It's an unusual image: Caucasian parents with African-American children. But this category of transracial adoptions-which now accounts for 20 percent of all public adoptions-is changing the face and heart of America. How difficult a situation is this to handle in our country, with its history of racism? "As long as families know how to nourish their child's identity and ethnicity, the child will develop strong self-esteem," says Sandra Ripberger of Spence-Chapin Services to Families and Children in New York City. Other groups loudly protest these placements. "Teaching children about culture, heritage, and racism can only be done by people who understand firsthand," says Rudolph Smith, president of the National Association of Black Social Workers, headquartered in Detroit. Judge for yourself as you listen to the following stories from moms and dads who have embraced the challenge.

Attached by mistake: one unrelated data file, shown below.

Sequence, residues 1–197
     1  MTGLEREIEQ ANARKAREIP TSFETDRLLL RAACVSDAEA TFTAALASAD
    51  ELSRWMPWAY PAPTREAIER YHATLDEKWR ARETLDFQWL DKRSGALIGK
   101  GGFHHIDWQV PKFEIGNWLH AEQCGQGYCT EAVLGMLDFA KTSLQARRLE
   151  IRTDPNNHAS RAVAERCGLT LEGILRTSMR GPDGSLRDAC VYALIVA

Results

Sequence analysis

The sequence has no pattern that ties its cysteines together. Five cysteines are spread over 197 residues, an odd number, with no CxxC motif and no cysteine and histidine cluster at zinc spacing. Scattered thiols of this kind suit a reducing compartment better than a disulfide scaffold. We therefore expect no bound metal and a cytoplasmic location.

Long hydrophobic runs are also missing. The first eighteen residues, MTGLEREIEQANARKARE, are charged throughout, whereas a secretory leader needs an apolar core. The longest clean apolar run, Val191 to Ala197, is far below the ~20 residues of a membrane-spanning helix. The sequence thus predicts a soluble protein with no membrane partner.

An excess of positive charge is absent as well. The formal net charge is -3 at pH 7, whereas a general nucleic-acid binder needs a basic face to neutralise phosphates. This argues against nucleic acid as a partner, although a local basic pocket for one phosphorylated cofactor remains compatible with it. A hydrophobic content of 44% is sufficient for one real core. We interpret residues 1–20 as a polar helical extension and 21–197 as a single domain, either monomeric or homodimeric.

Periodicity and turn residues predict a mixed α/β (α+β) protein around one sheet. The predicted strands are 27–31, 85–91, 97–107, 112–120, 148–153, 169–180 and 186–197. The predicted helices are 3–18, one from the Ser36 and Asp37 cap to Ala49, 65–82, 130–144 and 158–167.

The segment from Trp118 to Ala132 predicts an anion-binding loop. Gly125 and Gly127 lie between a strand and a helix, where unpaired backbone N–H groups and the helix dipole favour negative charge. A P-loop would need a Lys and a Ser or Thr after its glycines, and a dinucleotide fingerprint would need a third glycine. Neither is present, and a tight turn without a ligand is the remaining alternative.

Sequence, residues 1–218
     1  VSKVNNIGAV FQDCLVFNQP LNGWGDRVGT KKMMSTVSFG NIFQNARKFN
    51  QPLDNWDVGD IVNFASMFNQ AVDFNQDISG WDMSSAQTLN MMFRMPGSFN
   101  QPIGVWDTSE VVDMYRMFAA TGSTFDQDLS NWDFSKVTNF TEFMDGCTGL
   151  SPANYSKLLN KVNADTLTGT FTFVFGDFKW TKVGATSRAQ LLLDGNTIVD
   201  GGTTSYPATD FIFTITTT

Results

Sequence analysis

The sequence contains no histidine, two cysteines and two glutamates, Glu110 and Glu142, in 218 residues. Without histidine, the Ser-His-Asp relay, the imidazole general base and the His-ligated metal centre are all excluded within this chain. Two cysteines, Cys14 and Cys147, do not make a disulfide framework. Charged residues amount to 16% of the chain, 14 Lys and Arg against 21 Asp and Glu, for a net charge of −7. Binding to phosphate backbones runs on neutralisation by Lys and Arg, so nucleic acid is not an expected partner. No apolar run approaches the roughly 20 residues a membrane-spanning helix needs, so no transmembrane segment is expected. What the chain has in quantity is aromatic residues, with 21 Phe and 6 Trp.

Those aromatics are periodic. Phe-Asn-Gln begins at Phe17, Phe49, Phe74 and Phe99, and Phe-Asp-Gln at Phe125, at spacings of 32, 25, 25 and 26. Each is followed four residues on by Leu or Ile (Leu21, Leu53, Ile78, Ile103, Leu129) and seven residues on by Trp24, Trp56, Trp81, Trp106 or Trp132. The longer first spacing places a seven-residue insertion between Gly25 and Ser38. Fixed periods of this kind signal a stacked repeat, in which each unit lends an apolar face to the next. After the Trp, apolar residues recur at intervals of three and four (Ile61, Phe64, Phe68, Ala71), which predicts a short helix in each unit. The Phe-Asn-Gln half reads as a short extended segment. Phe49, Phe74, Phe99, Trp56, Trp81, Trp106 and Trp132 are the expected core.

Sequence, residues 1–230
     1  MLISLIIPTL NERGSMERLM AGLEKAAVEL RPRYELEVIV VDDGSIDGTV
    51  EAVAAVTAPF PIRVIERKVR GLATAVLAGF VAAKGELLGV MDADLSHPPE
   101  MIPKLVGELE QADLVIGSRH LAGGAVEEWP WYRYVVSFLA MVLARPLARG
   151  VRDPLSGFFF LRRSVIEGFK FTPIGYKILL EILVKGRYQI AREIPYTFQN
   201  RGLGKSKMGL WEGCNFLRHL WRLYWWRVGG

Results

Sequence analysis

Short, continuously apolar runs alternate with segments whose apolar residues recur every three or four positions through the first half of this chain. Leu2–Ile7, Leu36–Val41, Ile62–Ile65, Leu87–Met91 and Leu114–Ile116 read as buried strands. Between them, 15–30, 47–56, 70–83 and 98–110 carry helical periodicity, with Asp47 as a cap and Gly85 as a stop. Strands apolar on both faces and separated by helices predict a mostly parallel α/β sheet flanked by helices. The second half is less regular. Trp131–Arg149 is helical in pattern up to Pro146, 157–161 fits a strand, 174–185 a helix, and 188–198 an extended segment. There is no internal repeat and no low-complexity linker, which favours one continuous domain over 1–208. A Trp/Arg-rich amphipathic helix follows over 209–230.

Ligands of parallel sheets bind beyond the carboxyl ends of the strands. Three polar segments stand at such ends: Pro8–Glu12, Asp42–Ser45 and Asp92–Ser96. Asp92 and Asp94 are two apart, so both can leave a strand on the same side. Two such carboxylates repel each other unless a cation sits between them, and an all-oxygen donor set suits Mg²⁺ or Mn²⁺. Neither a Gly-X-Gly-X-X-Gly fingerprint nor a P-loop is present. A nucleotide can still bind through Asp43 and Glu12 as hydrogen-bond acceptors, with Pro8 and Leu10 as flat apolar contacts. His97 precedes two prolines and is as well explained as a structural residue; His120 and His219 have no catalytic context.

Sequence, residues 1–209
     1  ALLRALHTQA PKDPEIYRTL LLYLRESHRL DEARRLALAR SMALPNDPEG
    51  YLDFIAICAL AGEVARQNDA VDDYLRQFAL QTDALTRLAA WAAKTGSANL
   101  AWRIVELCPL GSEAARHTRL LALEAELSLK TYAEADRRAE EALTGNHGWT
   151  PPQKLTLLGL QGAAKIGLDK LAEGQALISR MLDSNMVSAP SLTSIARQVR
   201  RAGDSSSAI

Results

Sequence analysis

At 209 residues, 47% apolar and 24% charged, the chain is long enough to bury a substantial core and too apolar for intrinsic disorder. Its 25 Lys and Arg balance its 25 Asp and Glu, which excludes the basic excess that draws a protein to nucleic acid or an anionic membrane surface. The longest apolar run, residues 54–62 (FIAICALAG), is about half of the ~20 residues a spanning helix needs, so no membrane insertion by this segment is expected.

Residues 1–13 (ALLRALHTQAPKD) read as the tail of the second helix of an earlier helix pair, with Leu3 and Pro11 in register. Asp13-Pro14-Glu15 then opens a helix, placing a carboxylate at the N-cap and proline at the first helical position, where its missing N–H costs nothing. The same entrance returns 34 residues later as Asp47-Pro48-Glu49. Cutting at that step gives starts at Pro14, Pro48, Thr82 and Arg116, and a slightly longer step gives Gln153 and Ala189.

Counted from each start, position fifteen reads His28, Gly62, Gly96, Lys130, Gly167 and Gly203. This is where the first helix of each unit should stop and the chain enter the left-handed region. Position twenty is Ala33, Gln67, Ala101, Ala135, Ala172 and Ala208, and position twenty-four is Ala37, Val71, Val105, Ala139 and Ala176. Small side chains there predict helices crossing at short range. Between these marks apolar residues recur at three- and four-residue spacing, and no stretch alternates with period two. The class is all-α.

Doria J. Lavagnino is a journalist in New York City.